Linda Hardy conjures moments of poop in the bay and a battle of commerce versus bicycle lanes, among the issues plucked from local headlines, in her adaptation of Nikolay Gogol’s The Government Inspector.
Aspects of The Inspector may appear eerily similar to Greater Victoria but “we’re calling it Paradise,” says Hardy, the writer and director. “We shift between the garden, the street, the breakwater and the Impress hotel.”
A pair of iconic lamp standards on loan from the City of Victoria and a Mr. and Mrs. Floatie in a vaudeville routine add to the local feel. She wanted something fantastic to cap Phoenix Theatre’s 50th anniversary season. The University of Victoria theatre professor’s The Inspector, runs at Phoenix Theatre from March 9 to 18.
“I always wanted to do The Inspector,” Hardy said. “It’s a little political satire the kids can relate to that’s right in their backyard.”
While leaving the plot of the original 1836 play intact she weaves familiar problems into Gogol’s tale about a town whose officials hear a government inspector is coming – incognito. When they mistake a cunning ex-civil servant for the inspector, the schemes turn against them. Greed, corruption, and hypocrisy escalate and the farce spins out of control.
“I started doing the adaptation last April,” she said. With an early draft complete by August, audiences will likely recognize reflections on community concerns of last summer.
The performance begins with police rousting homeless kids and sending them off for breakfast at the break of dawn then shifts to a woman angered for getting a ticket for parking in front of her own home (an experience pulled from her circle of friends) and after finding no mercy at city hall gets “Mad as Hell” and joins a protest group.
“The plot is actually fairly close to Gogol,” Hardy said. “I just try to find these wonderful parallels.”
News media offered gems on a regular basis, while other bits are experiences pulled from friends. For example, instead of chickens in the courthouse, an unleashed dog is positioned as a threat to topple people and in Hardy’s Paradise the issue of marijuana legalization replaces liquor control concerns.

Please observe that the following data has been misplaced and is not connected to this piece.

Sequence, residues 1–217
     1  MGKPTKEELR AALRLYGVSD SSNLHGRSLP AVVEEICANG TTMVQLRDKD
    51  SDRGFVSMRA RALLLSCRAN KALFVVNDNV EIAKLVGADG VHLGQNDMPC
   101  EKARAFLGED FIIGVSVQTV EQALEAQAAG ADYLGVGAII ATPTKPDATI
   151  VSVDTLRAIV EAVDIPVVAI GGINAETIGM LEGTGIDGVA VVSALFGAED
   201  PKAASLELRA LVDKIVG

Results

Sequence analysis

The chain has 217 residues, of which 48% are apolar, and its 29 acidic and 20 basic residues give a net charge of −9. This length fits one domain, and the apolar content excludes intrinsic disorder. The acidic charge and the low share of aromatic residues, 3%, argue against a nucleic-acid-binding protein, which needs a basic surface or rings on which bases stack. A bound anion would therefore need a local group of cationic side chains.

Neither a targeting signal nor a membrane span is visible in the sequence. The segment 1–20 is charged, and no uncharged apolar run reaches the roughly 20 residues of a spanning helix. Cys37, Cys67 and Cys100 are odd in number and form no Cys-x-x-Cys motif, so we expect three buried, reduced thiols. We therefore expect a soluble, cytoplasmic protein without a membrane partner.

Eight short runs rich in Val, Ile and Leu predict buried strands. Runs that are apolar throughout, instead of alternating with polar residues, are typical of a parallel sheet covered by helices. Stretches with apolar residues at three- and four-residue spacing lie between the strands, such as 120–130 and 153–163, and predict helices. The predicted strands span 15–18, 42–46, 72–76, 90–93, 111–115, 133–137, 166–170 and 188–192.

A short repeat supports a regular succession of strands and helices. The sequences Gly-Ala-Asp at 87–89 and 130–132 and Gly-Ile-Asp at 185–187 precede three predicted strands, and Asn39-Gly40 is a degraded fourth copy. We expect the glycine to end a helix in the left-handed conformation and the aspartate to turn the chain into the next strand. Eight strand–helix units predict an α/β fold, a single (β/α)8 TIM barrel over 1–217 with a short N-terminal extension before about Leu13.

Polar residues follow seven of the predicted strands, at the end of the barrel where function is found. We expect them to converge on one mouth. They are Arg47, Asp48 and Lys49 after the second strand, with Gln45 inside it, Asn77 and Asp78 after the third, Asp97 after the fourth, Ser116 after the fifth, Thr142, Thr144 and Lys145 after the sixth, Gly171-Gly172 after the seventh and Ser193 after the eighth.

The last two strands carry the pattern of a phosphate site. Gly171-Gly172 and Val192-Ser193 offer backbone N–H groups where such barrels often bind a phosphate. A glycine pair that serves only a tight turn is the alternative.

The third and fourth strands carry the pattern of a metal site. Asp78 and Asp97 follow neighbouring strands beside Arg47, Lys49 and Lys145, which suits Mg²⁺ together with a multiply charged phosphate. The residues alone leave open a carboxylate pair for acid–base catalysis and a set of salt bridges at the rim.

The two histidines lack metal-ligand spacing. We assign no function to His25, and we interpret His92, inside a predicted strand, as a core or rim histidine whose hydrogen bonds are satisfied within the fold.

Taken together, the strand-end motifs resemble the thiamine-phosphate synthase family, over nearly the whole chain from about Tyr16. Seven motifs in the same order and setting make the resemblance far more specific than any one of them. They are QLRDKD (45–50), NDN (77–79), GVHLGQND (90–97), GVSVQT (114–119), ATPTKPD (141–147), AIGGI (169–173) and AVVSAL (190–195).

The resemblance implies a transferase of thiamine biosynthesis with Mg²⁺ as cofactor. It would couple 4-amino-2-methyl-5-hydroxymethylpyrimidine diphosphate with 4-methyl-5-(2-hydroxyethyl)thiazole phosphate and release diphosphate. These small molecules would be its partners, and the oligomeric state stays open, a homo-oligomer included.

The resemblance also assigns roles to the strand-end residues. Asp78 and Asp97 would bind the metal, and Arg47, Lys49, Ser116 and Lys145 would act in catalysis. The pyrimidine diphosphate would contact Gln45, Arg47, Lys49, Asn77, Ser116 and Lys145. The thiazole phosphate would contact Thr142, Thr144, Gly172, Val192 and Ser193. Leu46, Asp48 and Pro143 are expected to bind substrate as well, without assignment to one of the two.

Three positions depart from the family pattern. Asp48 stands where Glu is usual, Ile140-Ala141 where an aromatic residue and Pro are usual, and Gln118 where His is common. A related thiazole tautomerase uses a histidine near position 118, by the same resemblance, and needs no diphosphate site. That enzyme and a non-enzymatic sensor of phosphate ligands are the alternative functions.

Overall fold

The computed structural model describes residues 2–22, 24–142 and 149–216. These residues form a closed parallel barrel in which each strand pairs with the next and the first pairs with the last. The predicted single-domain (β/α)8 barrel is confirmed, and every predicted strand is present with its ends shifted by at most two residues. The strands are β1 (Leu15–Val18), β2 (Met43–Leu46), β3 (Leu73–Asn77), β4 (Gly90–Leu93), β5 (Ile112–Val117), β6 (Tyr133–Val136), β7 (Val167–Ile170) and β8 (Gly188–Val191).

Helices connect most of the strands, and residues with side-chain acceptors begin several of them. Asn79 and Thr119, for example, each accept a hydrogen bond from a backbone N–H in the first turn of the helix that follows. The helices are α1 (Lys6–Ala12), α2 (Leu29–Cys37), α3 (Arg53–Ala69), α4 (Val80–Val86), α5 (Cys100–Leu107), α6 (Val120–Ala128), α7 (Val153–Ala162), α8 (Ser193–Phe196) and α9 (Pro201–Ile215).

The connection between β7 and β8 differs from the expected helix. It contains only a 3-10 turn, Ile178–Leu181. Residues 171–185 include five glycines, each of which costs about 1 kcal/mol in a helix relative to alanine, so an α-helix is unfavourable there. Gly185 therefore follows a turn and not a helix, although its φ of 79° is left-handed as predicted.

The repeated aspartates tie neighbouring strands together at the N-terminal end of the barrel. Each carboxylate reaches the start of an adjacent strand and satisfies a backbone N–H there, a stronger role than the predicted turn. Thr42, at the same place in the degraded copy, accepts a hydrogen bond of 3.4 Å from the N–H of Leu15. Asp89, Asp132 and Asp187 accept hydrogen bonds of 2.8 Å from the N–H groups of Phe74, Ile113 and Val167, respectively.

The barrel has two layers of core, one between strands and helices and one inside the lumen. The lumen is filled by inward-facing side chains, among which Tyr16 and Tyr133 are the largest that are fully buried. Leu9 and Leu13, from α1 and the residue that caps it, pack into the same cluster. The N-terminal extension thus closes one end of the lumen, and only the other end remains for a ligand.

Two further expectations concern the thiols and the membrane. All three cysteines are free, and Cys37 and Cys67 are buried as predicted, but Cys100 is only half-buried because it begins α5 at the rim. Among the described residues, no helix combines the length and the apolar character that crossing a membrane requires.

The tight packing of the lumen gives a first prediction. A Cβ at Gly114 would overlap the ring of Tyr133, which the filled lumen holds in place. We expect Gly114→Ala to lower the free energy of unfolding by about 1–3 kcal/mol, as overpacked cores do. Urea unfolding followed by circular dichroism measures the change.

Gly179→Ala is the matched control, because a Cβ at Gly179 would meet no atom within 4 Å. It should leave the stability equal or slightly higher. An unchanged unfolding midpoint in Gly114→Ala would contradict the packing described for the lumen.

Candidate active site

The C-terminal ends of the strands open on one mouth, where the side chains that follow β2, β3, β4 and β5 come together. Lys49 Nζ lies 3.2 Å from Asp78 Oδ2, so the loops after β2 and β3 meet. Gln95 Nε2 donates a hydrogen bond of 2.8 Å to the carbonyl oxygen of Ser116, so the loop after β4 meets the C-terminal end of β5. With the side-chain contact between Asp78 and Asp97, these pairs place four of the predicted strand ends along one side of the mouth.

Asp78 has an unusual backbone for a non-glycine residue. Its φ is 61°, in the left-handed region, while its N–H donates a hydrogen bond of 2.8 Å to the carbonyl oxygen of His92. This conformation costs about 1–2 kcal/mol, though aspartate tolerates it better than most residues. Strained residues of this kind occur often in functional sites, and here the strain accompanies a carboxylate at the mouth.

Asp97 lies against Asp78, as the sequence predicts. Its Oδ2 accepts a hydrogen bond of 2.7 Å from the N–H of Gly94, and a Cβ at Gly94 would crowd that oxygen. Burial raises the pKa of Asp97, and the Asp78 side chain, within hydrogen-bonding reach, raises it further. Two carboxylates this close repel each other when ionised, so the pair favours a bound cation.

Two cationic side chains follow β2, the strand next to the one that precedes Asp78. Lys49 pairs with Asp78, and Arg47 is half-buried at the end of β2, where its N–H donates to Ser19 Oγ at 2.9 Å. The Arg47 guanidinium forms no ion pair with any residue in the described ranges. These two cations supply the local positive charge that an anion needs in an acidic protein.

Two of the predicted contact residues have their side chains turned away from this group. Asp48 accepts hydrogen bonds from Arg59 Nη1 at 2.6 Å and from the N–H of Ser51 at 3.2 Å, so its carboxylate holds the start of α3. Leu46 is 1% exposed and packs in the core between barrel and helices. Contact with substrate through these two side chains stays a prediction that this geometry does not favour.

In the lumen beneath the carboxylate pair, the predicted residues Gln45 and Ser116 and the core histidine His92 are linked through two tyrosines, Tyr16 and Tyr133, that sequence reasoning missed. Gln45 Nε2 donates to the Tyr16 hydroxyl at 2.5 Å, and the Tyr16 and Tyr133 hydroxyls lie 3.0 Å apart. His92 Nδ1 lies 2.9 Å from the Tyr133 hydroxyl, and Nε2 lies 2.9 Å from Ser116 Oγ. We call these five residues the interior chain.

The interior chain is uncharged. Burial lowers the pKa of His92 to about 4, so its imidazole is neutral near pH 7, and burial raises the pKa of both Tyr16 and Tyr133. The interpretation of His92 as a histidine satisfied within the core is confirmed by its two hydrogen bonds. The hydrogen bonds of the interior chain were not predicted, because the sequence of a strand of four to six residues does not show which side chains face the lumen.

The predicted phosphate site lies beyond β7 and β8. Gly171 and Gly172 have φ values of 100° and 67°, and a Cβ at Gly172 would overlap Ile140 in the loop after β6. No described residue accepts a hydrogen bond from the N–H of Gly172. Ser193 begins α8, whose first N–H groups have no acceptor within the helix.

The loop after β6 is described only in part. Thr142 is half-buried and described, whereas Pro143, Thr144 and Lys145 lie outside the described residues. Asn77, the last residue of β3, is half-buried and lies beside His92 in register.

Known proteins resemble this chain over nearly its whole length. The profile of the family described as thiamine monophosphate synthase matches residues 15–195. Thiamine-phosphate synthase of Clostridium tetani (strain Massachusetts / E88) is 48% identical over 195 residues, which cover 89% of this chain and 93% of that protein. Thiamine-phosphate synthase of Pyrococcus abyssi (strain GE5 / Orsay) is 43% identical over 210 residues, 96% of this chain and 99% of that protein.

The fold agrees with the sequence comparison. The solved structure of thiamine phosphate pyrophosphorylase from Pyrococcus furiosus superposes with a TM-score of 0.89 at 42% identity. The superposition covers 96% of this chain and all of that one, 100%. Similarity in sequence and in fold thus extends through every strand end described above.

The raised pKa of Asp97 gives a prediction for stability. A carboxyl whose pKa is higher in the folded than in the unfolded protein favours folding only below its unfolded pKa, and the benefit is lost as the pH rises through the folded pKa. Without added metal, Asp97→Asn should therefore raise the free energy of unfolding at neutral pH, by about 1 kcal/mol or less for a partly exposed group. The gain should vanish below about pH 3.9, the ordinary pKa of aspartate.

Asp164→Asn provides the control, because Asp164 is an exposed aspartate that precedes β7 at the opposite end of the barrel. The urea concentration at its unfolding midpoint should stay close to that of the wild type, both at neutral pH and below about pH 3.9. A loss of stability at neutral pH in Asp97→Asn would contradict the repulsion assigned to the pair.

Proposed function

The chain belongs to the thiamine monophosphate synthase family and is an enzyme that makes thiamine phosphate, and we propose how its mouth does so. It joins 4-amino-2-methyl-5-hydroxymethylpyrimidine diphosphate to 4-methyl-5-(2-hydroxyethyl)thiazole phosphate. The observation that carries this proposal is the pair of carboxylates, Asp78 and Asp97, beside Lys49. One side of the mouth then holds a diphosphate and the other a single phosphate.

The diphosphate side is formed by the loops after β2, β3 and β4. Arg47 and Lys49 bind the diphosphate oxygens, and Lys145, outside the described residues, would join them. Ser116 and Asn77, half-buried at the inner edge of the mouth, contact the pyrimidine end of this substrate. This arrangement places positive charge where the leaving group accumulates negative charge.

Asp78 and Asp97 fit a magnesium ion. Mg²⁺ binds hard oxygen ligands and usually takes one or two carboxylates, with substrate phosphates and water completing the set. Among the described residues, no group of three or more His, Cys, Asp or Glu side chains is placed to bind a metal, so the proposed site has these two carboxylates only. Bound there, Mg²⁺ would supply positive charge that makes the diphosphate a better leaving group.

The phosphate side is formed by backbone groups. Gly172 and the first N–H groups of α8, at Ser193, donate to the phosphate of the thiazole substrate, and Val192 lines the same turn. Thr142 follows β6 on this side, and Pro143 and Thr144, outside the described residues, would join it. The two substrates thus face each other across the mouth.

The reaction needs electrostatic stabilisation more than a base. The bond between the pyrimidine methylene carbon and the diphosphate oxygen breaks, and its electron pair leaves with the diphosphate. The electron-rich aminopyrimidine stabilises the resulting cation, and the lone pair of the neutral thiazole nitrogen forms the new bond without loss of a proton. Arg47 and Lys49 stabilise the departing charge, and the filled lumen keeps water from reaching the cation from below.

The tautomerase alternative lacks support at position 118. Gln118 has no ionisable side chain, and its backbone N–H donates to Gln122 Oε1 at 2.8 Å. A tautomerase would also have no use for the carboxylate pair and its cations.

Her writing started on the heels of a fourth-year project last fall where Hardy hammered home the opinion: “The artist’s job has always been the provocateur who asks the really hard questions.”
While the characters don’t directly reflect individuals in today’s society, “they have qualities of people we recognize.”
The set, designed by fourth-year student Delaney Tesch, recalls iconic Victoria landscapes, including streetscapes with flower-basketed lamp posts, ivy-walled buildings, upscale hotels, and bamboo-fenced gardens. Costumes, designed by students Barbara Clerihue and Hana Ruzesky-Basford, draw Fort and Douglas into the Roger Bishop Theatre.
Lighting by MFA design student Eryn Griffith takes the audience from parks to hotel rooms and backyard parties, complemented by city soundscapes and original music by fourth-year student Christopher Green. Projections by third-year student Marites Frazer add to the set and lighting designs. Stage management is by fourth-year student Rebecca Marchand.
“We have a fabulous creative team,” Hardy said. “We’ve just been so gifted.”
The Inspector runs at Phoenix Theatre through March 18. Visit finearts.uvic.ca/theatre/phoenix/tickets/ or call the Phoenix box office at 250-721-8000 for ticket information.
Did you know?
n UVic instructor since 1975, Linda Hardy has worked nationally and internationally as a master teacher of acting and voice, training professional actors and singers for stage and film. Her therapeutic skills in voice work and breath control in particular are highly sought after, resulting in many workshops in Thailand and India, where she has regularly assisted performers with vocal difficulties. In India, she also works with Tibetan monks and ritual masters, whose voices are strained from long hours of ceremonial chant.
For the Phoenix Theatre, Hardy has directed many shows and supervised many graduate directing students.